Second-generation atypical antipsychotics are a better treatment choice than first-generation antipsychotics for many individuals with schizophrenia, Professor Tandon continued, because their use is associated with:3

  • fewer negative symptoms
  • less TD
  • fewer EPS
  • better cognition
  • less depression
  • less nonadherence

The goal of pharmacotherapy is to optimize individual outcomes, said Professor Tandon. In the long-term; relapse prevention, management of comorbid medical conditions, and minimization of adverse events are key, based on targeted, individualized, and measurement-based treatment.3

Antipsychotic nonadherence increases the risk of relapse

Nonadherence leads to a threefold increase in risk of relapse3 and prevention of relapse is critical to optimizing outcome

Difficulties in adhering to an OAP treatment regimen are to be expected when patients are required to take a medication every day, particularly if they are experiencing cognitive impairment, said Professor Tandon. However, nonadherence leads to a threefold increase in risk of relapse.3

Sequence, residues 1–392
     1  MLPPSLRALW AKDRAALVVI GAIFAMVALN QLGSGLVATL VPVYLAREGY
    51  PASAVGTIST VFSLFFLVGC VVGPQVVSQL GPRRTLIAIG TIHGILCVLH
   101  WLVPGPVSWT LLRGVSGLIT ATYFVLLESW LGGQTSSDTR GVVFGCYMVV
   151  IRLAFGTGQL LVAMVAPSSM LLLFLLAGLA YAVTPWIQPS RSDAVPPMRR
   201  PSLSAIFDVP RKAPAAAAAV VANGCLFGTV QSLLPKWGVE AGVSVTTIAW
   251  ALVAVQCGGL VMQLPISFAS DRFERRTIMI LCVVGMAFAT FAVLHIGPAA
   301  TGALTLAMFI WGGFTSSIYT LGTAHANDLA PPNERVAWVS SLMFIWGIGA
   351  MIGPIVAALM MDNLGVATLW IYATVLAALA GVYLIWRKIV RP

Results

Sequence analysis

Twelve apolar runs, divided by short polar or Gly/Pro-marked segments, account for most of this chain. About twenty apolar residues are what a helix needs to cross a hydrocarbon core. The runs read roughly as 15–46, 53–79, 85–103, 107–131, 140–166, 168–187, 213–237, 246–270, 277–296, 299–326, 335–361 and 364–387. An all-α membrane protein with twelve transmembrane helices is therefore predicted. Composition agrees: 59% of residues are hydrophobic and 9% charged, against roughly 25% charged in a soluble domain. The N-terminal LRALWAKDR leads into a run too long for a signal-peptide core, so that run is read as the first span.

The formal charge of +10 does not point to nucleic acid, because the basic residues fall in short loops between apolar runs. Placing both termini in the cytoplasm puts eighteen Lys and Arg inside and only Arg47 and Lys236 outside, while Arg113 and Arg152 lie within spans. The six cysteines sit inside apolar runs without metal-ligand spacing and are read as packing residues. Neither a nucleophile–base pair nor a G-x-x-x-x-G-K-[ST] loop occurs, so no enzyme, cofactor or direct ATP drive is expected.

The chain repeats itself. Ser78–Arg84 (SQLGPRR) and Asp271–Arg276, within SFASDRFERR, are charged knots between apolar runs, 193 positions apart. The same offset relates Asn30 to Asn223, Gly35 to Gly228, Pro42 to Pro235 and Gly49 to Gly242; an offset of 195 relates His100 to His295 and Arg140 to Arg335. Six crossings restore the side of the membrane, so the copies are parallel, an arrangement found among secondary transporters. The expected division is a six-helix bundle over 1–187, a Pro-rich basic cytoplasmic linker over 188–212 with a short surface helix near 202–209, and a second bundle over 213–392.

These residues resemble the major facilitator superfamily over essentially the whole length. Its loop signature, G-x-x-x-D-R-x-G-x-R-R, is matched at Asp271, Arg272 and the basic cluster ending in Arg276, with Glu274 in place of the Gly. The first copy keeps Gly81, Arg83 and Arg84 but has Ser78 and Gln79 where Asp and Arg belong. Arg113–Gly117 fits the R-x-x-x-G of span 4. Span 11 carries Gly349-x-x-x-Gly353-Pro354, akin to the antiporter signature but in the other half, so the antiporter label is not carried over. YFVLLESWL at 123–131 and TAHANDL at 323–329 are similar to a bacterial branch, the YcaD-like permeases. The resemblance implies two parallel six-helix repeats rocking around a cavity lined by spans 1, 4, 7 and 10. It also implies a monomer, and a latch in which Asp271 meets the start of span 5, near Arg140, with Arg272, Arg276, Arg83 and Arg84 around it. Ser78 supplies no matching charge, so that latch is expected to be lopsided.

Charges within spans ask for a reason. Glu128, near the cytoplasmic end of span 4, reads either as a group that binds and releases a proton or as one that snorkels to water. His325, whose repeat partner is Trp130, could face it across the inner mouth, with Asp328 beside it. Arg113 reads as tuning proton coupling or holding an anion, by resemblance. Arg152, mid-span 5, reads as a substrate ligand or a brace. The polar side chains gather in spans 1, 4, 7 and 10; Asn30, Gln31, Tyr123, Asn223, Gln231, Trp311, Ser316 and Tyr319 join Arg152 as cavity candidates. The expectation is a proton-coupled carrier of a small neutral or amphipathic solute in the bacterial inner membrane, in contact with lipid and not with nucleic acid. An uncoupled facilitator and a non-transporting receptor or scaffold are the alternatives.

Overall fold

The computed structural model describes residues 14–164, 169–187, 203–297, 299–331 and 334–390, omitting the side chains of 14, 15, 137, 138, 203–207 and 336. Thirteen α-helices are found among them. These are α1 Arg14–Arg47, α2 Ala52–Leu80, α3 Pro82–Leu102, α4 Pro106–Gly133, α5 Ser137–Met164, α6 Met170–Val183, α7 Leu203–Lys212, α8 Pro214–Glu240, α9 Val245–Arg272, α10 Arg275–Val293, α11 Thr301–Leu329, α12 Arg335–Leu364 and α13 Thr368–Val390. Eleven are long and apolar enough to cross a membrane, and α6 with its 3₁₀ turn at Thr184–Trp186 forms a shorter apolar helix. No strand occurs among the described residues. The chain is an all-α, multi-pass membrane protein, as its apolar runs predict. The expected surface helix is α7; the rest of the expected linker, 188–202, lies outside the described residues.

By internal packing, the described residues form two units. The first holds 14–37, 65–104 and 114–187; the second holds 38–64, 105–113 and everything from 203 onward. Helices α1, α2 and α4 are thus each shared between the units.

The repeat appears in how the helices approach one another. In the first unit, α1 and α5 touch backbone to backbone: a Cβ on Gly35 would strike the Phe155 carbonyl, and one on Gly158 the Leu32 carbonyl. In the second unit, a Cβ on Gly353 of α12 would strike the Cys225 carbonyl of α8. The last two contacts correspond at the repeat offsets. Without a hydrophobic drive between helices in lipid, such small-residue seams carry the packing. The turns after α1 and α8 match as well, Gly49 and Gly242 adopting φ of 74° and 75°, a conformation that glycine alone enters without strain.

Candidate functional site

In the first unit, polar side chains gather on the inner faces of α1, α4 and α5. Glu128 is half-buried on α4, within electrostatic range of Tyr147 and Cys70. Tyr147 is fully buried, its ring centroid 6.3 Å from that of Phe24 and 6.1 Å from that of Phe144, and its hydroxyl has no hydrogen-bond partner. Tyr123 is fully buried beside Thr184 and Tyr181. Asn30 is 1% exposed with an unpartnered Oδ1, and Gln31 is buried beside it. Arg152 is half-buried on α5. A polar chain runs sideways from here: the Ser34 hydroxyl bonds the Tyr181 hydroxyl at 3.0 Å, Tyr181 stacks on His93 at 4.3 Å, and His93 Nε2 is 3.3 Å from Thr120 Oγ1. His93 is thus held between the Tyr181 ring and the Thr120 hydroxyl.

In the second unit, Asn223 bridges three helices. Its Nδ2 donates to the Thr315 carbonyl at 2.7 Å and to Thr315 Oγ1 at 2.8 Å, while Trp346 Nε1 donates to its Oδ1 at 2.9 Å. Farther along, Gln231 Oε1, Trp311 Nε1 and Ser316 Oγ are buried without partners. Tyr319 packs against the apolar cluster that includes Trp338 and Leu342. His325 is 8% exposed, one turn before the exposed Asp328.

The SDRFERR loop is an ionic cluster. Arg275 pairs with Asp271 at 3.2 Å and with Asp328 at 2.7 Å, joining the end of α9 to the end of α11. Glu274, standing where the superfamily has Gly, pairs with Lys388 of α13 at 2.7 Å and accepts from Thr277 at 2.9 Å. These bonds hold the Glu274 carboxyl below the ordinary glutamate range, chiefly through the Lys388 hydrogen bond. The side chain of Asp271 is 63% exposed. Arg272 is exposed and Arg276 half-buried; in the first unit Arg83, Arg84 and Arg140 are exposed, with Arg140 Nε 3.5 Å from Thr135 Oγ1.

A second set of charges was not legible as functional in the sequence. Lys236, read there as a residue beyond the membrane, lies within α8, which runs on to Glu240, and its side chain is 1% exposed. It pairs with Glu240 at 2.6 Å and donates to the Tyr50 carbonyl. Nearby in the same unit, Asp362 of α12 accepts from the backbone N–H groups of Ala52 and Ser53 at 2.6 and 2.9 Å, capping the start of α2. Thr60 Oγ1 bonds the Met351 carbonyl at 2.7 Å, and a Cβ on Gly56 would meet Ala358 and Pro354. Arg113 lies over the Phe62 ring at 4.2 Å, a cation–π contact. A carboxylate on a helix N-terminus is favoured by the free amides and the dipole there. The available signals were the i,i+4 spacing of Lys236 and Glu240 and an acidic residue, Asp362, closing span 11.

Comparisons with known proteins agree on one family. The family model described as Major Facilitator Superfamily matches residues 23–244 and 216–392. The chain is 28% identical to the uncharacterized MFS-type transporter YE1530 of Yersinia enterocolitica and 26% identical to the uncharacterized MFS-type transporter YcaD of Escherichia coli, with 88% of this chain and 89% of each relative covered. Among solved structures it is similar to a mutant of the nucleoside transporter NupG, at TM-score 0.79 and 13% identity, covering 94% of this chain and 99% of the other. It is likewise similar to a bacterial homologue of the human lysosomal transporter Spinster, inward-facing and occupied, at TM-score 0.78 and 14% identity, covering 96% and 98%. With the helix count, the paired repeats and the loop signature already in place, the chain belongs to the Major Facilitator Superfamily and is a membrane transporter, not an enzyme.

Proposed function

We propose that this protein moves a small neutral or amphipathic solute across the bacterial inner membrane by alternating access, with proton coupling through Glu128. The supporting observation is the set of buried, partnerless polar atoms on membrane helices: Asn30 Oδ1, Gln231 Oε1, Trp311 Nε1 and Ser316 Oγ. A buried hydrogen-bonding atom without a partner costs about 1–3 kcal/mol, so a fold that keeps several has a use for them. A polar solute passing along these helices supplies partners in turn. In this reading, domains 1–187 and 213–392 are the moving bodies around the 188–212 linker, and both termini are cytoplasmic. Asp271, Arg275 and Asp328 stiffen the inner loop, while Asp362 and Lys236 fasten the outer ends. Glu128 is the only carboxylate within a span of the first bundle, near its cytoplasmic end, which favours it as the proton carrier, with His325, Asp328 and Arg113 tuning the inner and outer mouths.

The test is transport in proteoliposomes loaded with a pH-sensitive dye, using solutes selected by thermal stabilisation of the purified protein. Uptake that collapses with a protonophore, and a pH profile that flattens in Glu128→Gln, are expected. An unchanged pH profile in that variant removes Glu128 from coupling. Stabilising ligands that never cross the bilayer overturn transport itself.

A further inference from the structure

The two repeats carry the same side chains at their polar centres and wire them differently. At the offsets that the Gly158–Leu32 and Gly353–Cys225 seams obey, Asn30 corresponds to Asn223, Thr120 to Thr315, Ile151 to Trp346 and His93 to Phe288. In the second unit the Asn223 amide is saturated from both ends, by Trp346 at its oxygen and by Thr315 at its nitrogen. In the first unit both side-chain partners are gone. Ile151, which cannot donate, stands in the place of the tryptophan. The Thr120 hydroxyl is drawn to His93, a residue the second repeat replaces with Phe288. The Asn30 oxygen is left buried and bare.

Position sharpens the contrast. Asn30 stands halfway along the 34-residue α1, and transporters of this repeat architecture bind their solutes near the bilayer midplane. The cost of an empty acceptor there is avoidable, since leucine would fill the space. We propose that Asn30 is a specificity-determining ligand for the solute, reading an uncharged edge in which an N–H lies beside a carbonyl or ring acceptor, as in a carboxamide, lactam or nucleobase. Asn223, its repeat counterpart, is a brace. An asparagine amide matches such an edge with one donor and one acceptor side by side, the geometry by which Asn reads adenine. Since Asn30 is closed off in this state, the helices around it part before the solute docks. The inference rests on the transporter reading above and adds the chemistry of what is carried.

Each relapse causes brain damage marked by progressive ventricular enlargement and disease progression; impaired symptomatic recovery, functional recovery, and quality of life; increased treatment costs; and higher mortality,2,3 explained Professor Tandon. In addition, pharmacotherapies become less effective with each relapse.

Much of the deterioration in schizophrenia occurs early in the illness, within the first 5 years, he added.

LAIs provide the assurance of adherence and improve outcomes

Early use of an LAI can improve quality of life and prognosis

Dr Melnick explained that early use of an LAI, if possible from the first episode of psychosis, can:

  • reduce number of future relapses, and number and duration of rehospitalizations
  • improve cognition, quality of life and prognosis4

LAIs not only provide the assurance of adherence but significantly lower relapse rates (p<0.001) for patients experiencing a first episode of psychosis,5 he added.

LAIs are a valuable tool to simplify treatment of schizophrenia and address adherence and outcomes